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Ursnif is a banking trojan and variant of the Gozi malware observed being spread through various automated exploit kits, Spearphishing Attachments, and malicious links.[1][2] Ursnif is associated primarily with data theft, but variants also include components (backdoors, spyware, file injectors, etc.) capable of a wide variety of behaviors.[3]

ID: S0386
Associated Software: Gozi-ISFB, PE_URSNIF, Dreambot
Platforms: Windows
Version: 1.1
Created: 04 June 2019
Last Modified: 15 October 2019

Associated Software Descriptions

Name Description
Gozi-ISFB [7][2]
Dreambot [1][2]

Techniques Used

Domain ID Name Use
Enterprise T1175 Component Object Model and Distributed COM

Ursnif droppers have used COM objects to execute the malware's full executable payload.[8]

Enterprise T1090 Connection Proxy

Ursnif has used a peer-to-peer (P2P) network for C2.[1][2]

Enterprise T1094 Custom Command and Control Protocol

Ursnif has used a custom packet format over TCP and UDP for a peer-to-peer (P2P) network for C2.[2]

Enterprise T1132 Data Encoding

Ursnif has used encoded data in HTTP URLs for C2. [2]

Enterprise T1005 Data from Local System

Ursnif has collected files from victim machines, including certificates and cookies.[4]

Enterprise T1074 Data Staged

Ursnif has used tmp files to stage gathered information.[3]

Enterprise T1140 Deobfuscate/Decode Files or Information

Ursnif has used crypto key information stored in the Registry to decrypt Tor clients dropped to disk.[2]

Enterprise T1483 Domain Generation Algorithms

Ursnif has used a DGA to generate domain names for C2.[2]

Enterprise T1106 Execution through API

Ursnif has used CreateProcessW to create child processes.[7]

Enterprise T1107 File Deletion

Ursnif has deleted data staged in tmp files after exfiltration.[3]

Enterprise T1143 Hidden Window

Ursnif droppers have used COM properties to execute malware in hidden windows.[8]

Enterprise T1179 Hooking

Ursnif has hooked APIs to perform a wide variety of information theft, such as monitoring traffic from browsers.[3]

Enterprise T1185 Man in the Browser

Ursnif has injected HTML codes into banking sites to steal sensitive online banking information (ex: usernames and passwords).[4]

Enterprise T1036 Masquerading

Ursnif has used strings from legitimate system files and existing folders for its file, folder, and Registry entry names.[3]

Enterprise T1112 Modify Registry

Ursnif has used Registry modifications as part of its installation routine.[4][2]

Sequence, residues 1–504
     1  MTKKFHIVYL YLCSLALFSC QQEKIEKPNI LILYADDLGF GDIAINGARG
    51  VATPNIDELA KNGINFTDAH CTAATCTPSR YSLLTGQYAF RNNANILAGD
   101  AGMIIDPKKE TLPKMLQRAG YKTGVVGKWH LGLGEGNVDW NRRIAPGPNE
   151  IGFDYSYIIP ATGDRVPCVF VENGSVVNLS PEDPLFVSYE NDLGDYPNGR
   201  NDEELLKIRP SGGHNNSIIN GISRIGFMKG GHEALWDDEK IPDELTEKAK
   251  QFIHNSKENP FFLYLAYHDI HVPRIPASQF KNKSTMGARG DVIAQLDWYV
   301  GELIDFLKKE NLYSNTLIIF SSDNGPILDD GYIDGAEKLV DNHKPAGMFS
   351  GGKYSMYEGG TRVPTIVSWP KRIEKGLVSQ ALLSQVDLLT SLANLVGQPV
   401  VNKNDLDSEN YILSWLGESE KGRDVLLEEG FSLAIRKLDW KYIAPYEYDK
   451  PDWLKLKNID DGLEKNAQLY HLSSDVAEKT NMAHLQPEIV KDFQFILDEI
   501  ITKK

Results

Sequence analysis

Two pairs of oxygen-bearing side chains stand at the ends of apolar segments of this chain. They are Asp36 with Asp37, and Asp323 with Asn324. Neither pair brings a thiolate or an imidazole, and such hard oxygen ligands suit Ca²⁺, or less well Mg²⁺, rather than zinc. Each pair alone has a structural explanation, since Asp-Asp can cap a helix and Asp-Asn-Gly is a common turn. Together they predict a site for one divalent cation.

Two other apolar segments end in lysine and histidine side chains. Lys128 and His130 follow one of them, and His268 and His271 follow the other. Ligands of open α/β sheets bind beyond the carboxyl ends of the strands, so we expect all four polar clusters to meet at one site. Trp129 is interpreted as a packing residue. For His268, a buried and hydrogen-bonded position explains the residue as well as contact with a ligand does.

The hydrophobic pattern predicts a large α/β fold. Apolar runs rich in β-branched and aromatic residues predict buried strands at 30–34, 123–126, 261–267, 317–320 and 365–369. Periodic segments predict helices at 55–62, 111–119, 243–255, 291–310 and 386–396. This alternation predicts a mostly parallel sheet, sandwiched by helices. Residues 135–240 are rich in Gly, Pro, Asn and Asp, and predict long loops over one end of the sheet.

Enterprise T1188 Multi-hop Proxy

Ursnif has used Tor for C2.[1][2]

Enterprise T1050 New Service

Ursnif has registered itself as a system service in the Registry for automatic execution at system startup.[6]

Enterprise T1027 Obfuscated Files or Information

Ursnif has used an XOR-based algorithm to encrypt Tor clients dropped to disk. Ursnif droppers have also been delivered as password-protected zip files that execute base64 encoded PowerShell commands.[2][8]

Enterprise T1086 PowerShell

Ursnif droppers have used PowerShell in download cradles to download and execute the malware's full executable payload.[8]

Enterprise T1057 Process Discovery

Ursnif has gathered information about running processes.[3][4]

Enterprise T1093 Process Hollowing

Ursnif has used process hollowing to inject into child processes.[7]

Enterprise T1055 Process Injection

Ursnif has injected code into target processes via thread local storage callbacks.[3][6][7]

Enterprise T1012 Query Registry

Ursnif has used Reg to query the Registry for installed programs.[3][4]

Enterprise T1060 Registry Run Keys / Startup Folder

Ursnif has used Registry Run keys to establish automatic execution at system startup.[6][4]

Enterprise T1105 Remote File Copy

Ursnif has dropped payload and configuration files to disk. Ursnif has also been used to download and execute additional payloads.[6][4]

Enterprise T1091 Replication Through Removable Media

Ursnif has copied itself to and infected removable drives for propagation.[3][5]

Enterprise T1113 Screen Capture

Ursnif has used hooked APIs to take screenshots.[3][4]

Enterprise T1064 Scripting

Ursnif droppers have used VBA macros and PowerShell to download and execute the malware's full executable payload.[8]

Enterprise T1071 Standard Application Layer Protocol

Ursnif has used HTTPS for C2 as well as HTTP POSTs to exfil gathered information.[3][7][2]

Enterprise T1082 System Information Discovery

Ursnif has used Systeminfo to gather system information.[3]

Enterprise T1007 System Service Discovery

Ursnif has gathered information about running services.[3]

Enterprise T1080 Taint Shared Content

Ursnif has copied itself to and infected files in network drives for propagation.[3][5]

Enterprise T1497 Virtualization/Sandbox Evasion

Ursnif has used a 30 minute delay after execution to evade sandbox monitoring tools.[5]

Enterprise T1047 Windows Management Instrumentation

Ursnif droppers have used WMI classes to execute PowerShell commands.[8]